Our group down in the arena during the show!

Our group down in the arena during the show!

Each of the locations we visited today gave us an idea of the relationship Costa Ricans have with the environment. While visiting InBio, the importance of educating people on the vast diversity of Costa Rica and the benefits it has to offer to people medicinally and educationally. The natural history museum within the National Museum of Costa Rica provided us with a historical relationship between native Costa Ricans and the environment. We learned that there are very strong spiritual and cultural bonds between the two. Ecosystems engineering focuses on the proper, least invasive approach needed to solve a problem through the use of natural system treatments. Once you have a grasp on the importance the environment has on a community, you are able to successfully create a solution that will be accepted.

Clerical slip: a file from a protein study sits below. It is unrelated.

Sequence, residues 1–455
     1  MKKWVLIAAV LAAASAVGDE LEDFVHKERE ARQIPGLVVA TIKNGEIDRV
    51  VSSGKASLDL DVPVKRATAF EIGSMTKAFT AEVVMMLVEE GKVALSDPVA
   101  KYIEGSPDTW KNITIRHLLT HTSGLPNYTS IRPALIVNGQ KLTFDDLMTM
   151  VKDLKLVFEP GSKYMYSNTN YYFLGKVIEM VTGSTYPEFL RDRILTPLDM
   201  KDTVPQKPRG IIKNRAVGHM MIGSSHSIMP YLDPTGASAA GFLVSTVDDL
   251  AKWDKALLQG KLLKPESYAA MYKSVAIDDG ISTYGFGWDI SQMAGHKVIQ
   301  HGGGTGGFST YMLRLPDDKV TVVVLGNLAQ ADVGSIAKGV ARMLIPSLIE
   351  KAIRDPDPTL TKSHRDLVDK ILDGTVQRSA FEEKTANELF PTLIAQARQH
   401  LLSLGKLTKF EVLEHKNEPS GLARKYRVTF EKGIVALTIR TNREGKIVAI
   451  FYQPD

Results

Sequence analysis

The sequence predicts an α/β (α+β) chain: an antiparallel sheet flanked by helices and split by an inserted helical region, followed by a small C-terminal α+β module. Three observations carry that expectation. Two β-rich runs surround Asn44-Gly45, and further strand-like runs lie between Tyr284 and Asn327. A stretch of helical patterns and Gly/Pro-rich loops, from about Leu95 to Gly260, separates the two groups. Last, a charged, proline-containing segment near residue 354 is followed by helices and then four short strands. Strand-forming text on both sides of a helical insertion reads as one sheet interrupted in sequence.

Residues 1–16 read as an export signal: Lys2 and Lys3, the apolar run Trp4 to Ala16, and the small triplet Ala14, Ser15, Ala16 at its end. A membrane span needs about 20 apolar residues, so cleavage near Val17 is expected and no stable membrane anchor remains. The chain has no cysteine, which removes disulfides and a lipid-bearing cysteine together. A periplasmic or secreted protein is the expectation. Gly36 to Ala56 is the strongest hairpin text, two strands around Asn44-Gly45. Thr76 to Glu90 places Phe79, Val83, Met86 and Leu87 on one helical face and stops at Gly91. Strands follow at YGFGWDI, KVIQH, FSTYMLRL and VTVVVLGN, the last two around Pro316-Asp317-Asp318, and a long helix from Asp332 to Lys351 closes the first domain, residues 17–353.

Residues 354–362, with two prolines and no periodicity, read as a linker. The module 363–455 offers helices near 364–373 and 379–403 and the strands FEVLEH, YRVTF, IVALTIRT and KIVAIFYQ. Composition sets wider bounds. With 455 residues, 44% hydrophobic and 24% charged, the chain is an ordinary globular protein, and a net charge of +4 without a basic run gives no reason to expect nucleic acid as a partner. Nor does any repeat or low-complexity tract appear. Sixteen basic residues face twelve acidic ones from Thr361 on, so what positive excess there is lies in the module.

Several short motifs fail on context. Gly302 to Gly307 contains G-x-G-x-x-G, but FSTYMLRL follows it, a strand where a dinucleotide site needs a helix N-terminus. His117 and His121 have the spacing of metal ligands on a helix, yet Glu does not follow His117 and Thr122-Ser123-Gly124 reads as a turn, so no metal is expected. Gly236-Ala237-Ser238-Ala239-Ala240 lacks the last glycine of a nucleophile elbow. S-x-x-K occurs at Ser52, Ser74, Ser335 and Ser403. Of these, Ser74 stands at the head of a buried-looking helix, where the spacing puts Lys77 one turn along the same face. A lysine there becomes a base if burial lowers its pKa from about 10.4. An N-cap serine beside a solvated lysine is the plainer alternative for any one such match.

Additional Links:

What a day!


(1) Traveler’s guide to San Jose, Costa Rica

(2) InBio’s official webpage

(3)National Museum of Costa Rica’s official webpage

(4) A blog post on Costa Rican bull fighting


6 thoughts on “Dec. 28 – San Jose/Alajuela – Aubrey

  1. What percentage of Costa Ricans live in San Jose?


    • According to the population statistics found at, approximately 33% of Costa Ricans live in the providence of San Jose and %7 live in the city of San Jose ( According to wikipedia, the rate of urbanization estimated within 5 years is expected to be 2.3% per year.


      • This is very interesting considering San Jose is not the biggest of the seven provinces located in Costa Rica yet nearly a third of the people live in it! It is also interesting because it is in the central area of the country and not directly on one of the coasts which in America it is typically for big cities to be on the coast when they are close to water which is probably due to the history they may have of trading. When we were in the city though you could definitely tell it is a highly populated area just by the amount of people we saw walking and driving around.